Jay Baersten works as the Director of Heritage Outreach at the Washington State Historical Society, where her team works to develop and implement statewide programming that advances the field of public history and builds capacity for local and regional organizations dedicated to public history. Jay also manages the Heritage Capital Projects grant program which supports capital projects for history museums and historic buildings across the state. Previously, Jay worked as the Outreach Director for the Washington Trust for Historic Preservation, supporting communities statewide in best historic preservation practices and managing several programs including Washington’s Most Endangered Places, Youth Heritage Project, Valerie Sivinski Fund, and Heritage Barn Grant Program. Jay holds an MS in Architecture History and Theory with a Certificate in Historic Preservation from the University of Washington in Seattle. She also currently serves as a commissioner on the City of Tacoma’s Landmarks Preservation Commission and as a board member for Historic Tacoma.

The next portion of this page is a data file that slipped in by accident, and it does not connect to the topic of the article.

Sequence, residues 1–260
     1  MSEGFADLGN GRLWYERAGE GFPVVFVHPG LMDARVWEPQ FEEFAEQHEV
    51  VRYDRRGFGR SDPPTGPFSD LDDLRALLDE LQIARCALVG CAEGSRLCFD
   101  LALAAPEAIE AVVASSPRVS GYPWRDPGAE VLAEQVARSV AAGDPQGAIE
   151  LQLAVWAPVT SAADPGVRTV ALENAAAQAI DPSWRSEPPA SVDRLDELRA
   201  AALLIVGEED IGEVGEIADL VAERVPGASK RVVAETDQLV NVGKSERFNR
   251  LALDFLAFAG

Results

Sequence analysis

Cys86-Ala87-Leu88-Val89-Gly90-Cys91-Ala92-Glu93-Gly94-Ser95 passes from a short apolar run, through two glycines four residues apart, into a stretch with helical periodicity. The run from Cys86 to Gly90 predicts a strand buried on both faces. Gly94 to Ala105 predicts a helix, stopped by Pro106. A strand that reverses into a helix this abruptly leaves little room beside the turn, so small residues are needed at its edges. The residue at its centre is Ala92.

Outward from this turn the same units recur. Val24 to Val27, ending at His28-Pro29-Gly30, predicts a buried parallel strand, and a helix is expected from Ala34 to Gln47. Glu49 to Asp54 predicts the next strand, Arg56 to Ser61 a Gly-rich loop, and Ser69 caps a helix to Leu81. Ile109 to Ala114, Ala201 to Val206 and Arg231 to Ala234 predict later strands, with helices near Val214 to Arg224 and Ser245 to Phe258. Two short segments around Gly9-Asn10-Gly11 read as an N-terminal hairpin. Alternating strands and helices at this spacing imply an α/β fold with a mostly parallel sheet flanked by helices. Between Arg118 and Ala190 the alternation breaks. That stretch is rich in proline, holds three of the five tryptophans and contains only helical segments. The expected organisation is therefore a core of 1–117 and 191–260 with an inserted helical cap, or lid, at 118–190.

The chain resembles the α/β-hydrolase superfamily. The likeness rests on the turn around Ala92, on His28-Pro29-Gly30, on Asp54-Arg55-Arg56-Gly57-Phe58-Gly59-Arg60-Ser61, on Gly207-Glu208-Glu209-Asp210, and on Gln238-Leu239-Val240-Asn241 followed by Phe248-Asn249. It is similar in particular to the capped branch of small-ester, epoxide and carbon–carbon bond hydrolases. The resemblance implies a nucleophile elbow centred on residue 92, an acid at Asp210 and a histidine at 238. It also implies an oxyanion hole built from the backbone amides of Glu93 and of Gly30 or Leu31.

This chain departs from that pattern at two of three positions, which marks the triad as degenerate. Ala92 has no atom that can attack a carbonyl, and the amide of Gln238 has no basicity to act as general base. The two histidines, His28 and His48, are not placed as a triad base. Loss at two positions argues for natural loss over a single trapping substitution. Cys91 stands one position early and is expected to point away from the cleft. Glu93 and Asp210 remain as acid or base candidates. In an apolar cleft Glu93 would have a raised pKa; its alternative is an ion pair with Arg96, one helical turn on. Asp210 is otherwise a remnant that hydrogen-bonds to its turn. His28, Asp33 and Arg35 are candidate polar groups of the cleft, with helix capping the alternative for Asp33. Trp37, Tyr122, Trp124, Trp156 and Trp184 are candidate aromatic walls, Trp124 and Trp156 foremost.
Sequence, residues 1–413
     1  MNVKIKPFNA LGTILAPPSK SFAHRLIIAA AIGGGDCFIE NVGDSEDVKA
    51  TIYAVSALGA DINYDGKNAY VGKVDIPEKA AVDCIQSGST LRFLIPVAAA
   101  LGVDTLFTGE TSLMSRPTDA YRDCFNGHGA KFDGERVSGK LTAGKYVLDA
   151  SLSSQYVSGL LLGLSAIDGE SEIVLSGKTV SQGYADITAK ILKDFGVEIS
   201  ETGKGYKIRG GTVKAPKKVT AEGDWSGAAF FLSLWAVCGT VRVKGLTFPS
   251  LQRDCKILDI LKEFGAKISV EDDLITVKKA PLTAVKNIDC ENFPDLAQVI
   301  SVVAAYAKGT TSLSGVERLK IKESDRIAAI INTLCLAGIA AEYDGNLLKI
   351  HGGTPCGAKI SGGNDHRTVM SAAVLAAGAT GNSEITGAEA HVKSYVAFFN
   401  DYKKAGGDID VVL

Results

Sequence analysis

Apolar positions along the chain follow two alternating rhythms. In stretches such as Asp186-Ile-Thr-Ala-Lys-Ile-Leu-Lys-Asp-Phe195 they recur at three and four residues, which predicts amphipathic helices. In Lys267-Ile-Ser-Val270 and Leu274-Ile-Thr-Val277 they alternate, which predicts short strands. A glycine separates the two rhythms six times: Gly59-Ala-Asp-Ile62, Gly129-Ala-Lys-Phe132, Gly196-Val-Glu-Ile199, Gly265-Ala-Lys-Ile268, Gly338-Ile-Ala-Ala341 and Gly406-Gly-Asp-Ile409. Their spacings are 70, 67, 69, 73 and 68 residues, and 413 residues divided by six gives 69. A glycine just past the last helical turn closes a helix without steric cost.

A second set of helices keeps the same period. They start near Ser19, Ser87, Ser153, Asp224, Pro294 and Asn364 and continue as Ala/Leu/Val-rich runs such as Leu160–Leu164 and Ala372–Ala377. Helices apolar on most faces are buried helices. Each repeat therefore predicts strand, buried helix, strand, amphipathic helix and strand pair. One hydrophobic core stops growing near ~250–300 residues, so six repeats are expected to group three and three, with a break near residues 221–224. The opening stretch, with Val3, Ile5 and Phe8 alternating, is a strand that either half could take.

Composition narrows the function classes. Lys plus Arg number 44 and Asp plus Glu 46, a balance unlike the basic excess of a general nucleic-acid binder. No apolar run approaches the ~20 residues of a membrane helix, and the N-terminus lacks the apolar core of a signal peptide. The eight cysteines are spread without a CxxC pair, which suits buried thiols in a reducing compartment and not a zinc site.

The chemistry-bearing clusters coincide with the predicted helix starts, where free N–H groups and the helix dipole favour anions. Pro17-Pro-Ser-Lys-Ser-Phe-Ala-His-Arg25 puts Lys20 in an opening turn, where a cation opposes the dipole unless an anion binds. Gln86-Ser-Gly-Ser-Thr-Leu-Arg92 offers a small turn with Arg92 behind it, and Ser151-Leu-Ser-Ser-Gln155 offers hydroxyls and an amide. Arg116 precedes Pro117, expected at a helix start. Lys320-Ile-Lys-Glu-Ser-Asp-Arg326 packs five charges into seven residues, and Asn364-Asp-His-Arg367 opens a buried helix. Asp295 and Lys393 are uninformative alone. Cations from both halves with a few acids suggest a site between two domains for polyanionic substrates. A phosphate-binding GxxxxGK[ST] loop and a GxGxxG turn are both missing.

Chief Sustainability Officer, Washington State Ferries (WSDOT)